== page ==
Essential skills for the future
Looking ahead, there are plenty of reasons to be optimistic. Automation and artificial intelligence will spur employment in fast-developing areas such as machine learning, data analysis, and software. Many existing jobs won’t disappear altogether, but instead transform and evolve to coexist with automated tech.
You don’t have to look far to find examples of progress. Watch what’s happening with the numerous semiconductor firms springing up along the Valleys, which have been a key driver of apprentice recruitment and training. The Welsh cybersecurity sector is similarly mushrooming, contributing more than £8 billion a year to the economy. At the same time, the demand for green skills in Wales’s net zero transition is generating scores of new jobs and specialisms – a trend which is set to continue apace. Underlying all this are regeneration projects to boost employment and upskilling, headed by the likes of the Valleys Taskforce, that attract investment for local businesses. It all makes for fertile soil in which to grow employment and the Welsh economy. All that’s needed are the tools to cultivate a future-proofed workforce with the skills to make the most of Industry 4.0.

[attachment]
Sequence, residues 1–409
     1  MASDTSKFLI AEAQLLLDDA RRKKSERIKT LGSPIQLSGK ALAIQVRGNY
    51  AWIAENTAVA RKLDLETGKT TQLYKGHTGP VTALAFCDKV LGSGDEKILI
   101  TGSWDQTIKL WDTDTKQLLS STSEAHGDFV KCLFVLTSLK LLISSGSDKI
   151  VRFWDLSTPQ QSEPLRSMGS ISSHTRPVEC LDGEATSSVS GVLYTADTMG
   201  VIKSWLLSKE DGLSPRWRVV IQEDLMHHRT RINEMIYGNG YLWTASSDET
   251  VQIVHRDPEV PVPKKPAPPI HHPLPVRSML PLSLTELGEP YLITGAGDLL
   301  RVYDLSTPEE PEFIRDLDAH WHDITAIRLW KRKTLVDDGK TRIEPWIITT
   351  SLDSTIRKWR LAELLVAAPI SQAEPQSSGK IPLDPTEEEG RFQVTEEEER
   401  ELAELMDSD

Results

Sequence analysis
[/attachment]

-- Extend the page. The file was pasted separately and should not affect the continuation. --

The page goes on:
In the absence of a cure-all to the challenges we face, there are nonetheless several emergent principles. Collaboration – between sectors, and between local and national actors – is key. So too must there be a tacit willingness and flexibility to test novel ideas as circumstances arise. As luck would have it, these are the very principles that can be fostered by a well-rounded education in essential skills – and the new curriculum marks a promising start.
If we embrace these ideas of openness and collective action, we can effect a system change that truly equips Wales and everyone within it with the essential skills to succeed.
The Skills Builder Partnership is a coalition of 800+ education institutions, employers, and impact organisations that have united around the Skills Builder Universal Framework and six principles of best practice for essential skills development.